Team SoloMid's Jesper 'Zven' Svenningsen: 'I don't care what people think of me'

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Since becoming a professional League of Legends player in the summer of 2015, Denmark's Jesper "Zven" Svenningsen has only know what it has felt like to win.

In his first season as a pro under the ID "Niels" on Enrique "xPeke" Cedeño Martínez's Origen, the rookie made the playoffs and got all the way to the European League Championship Series final. After Origen qualified for the World Championship, where green players have often been exposed, especially at the AD carry role, the now 20-year-old played like a long-time veteran and was the catalyst of his team's run to the semifinals.

Zven has never failed to make a domestic final in his career. He's played in a Mid-Season Invitational final. When it comes to flinching under the pressure, no Western player has arguably been better over the last three years.

After moving to North America at the start of 2018 to play for Team SoloMid, which has won three regional championships in a row and also never failed to make a domestic final, the goal was clear. Making another domestic final was expected, like waking up in the morning or seeing the sun succumb to nightfall in the evening. But TSM didn't make the changes to its roster in order to solidify its North American pedigree.

International success, something TSM has lacked other than an Intel Extreme Masters world title in 2015, was the main reason why the North American champion decided to shake things up in the offseason.

Through seven weeks of regular season play with only four games remaining before the playoffs, the sun hasn't come up yet for TSM. At 7-7, the team is on course for its worst regular season in franchise history. Although the team has rebounded from a slow start that saw it lose three of its first four games, the super-powered squad expected to outshine the TSM of old has been more fiction and theory-crafting than actual results.

Going into Week 8, TSM is in sixth place, just two games ahead of Counter Logic Gaming and one game behind Team Liquid and 100 Thieves. The North American powerhouse isn't even assured a postseason spot at this point, let alone dreaming of international success stories.

Zven, though, isn't bothered. As it has been his entire career, Everything around him is just noise. All that matters is what happens at the end of the season, and for him and TSM, that expectation is still a fourth straight domestic championship and a place at MSI back home for Zven in Europe.

"I don't think I've had a terrible performance," Zven said. "I've had a bad game here or there -- against Clutch Gaming where I wasn't doing anything -- but I think our draft wasn't very good in that game. Whenever is bad for us or we're in a bad spot, I make more mistakes, and I've had some bad games here and there, but I don't think my performance has been bad at all. I think I've just had one or two off games, so I really don't mind criticism.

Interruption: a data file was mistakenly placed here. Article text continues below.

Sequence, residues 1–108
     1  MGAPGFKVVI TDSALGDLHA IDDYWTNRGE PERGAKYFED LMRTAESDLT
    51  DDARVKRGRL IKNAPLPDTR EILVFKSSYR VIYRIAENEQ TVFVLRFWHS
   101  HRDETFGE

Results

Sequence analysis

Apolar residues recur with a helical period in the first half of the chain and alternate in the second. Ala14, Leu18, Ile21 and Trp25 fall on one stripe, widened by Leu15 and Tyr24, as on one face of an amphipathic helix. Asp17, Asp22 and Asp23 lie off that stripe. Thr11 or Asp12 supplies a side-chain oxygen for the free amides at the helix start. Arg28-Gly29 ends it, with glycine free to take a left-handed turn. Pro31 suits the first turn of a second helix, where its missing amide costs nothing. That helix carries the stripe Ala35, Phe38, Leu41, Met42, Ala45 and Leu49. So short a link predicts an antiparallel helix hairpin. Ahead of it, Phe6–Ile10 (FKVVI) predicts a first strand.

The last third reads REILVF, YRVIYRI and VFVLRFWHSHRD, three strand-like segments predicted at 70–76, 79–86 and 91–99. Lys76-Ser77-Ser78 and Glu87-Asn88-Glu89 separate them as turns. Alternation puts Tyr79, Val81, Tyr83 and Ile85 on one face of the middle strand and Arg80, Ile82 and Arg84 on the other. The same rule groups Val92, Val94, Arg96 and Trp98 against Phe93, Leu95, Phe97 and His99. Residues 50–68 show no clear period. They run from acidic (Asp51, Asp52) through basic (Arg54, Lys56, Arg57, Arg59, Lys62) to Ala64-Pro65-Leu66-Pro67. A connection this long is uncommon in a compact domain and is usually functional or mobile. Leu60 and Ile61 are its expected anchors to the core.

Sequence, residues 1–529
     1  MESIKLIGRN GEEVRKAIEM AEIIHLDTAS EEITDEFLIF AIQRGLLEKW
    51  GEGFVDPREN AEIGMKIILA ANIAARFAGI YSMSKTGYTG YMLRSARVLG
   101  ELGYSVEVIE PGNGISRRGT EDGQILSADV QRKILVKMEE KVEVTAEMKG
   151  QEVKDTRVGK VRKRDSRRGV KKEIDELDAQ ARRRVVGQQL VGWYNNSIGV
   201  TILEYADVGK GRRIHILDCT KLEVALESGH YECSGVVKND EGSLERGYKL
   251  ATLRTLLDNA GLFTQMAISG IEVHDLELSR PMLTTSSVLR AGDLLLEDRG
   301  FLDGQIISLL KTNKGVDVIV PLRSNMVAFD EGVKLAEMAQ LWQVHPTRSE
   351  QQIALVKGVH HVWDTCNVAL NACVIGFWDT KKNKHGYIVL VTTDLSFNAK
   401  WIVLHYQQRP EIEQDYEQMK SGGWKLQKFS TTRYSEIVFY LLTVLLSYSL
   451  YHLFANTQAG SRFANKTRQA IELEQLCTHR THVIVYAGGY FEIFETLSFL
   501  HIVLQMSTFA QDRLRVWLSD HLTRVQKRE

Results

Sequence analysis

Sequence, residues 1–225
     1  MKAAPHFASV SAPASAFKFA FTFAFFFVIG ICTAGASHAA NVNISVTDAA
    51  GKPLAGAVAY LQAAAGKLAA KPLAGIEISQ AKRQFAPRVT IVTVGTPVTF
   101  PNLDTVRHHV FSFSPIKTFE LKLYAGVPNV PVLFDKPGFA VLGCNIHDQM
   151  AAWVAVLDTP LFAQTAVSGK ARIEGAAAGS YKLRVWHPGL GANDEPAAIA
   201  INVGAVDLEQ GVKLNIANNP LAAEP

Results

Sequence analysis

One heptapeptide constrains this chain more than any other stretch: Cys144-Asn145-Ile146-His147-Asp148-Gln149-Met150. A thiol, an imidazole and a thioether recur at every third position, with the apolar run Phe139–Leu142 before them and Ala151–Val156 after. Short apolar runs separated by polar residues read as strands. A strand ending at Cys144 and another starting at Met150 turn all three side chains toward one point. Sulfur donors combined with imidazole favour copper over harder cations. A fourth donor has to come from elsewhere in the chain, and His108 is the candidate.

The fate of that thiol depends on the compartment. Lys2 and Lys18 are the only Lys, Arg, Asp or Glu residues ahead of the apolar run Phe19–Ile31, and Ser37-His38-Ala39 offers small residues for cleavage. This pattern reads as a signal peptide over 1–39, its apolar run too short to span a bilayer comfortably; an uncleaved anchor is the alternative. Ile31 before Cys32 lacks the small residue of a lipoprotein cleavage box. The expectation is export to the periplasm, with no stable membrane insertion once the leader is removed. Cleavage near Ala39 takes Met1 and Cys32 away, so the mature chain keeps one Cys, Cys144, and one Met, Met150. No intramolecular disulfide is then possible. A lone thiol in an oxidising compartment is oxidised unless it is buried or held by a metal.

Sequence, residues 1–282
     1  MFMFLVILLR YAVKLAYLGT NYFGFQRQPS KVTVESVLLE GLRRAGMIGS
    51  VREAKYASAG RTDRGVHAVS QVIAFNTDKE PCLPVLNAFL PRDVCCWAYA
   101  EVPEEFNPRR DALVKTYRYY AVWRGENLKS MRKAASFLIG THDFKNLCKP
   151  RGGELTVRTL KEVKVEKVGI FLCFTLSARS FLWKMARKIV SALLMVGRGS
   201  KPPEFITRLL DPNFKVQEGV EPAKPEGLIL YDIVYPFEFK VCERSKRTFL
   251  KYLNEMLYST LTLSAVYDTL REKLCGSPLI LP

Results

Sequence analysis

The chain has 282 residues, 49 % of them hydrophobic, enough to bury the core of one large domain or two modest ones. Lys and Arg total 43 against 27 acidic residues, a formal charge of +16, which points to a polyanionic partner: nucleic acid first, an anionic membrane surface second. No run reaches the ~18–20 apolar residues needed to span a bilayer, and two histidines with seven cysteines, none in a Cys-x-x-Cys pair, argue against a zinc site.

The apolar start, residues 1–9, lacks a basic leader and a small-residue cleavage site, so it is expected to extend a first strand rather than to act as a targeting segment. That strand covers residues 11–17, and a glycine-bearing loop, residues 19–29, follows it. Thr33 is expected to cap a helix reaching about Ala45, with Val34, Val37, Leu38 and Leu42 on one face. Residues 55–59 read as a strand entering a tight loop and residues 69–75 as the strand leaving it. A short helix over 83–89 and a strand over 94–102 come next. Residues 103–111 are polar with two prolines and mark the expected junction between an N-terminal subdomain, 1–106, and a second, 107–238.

"I don't care what people think of me. I care what I think of me. I care about [the opinions of] people I respect: my teammates, my coach, my mom, whatever. I care about their opinions, but not randoms."

Standing at almost 6-foot-6, Zven is the tallest player in the NA LCS, but at the same time doesn't stand out amongst his peers. Unlike the other big named AD carries of the past in the league, Zven has a businesslike approach to his work, listening to who matters to him and blocking everything else out. While on the surface a 7-7 record is a failure for a team thought of as possibly the best lineup TSM has ever produced, Zven has put up numbers that in a normal split would put him up for consideration in the MVP race. His 6.7 KDA (kills/deaths/assists) is the best on the team and second among starting AD carries in the league, and outside of a few blunders early in the season when he was still getting his bearings, his games have ranged from good to great.

"The team has to gel first," Zven said. "At first, we were playing the wrong things and not practicing the right things. And I think after Week 5, when we went 0-2 against Clutch Gaming and Cloud9, we had a big talk about who does what, how we practice, how efficient we practice, and all that stuff, and I think our coaching staff does a good job of helping us be more efficient."

TSM's biggest issue has been the lack of an attitude on the team and a killer instinct. When it comes to the early parts of the game, TSM, a team well-suited to dominate all three lanes, has been one of the best in the league. Over the course of the regular season, TSM is second only behind Cloud9 when it comes to taking the first three towers in a game, accomplishing that goal in 71 percent of its games. TSM is fourth when it comes to the gold differential at 15 minutes.

The problems ensue the later the game goes on, and when it comes to being the team to make the checkmate maneuver, those moments have been few and far between in 2018.

If TSM wants to be in Miami for its 11th straight NA LCS final, depending on past accomplishments and individual skill won't do. It needs to be more.

"We had a good talk about everything on our team -- how to play the game, what to pick, and what to practice -- and now it's going better for us," Zven said. "We're practicing the right things, and we're doing much better. I just think the first couple of weeks was getting together and gelling."